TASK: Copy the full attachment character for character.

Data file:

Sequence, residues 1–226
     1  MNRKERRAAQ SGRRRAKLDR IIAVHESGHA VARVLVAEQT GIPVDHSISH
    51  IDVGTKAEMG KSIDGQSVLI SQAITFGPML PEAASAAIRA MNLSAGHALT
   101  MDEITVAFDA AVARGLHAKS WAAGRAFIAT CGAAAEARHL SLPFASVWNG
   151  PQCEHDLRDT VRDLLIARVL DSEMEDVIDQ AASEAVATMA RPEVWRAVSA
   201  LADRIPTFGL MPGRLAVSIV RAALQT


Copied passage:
Sequence, residues 1–226
     1  MNRKERRAAQ SGRRRAKLDR IIAVHESGHA VARVLVAEQT GIPVDHSISH
    51  IDVGTKAEMG KSIDGQSVLI SQAITFGPML PEAASAAIRA MNLSAGHALT
   101  MDEITVAFDA AVARGLHAKS WAAGRAFIAT CGAAAEARHL SLPFASVWNG
   151  PQCEHDLRDT VRDLLIARVL DSEMEDVIDQ AASEAVATMA RPEVWRAVSA
   201  LADRIPTFGL MPGRLAVSIV RAALQT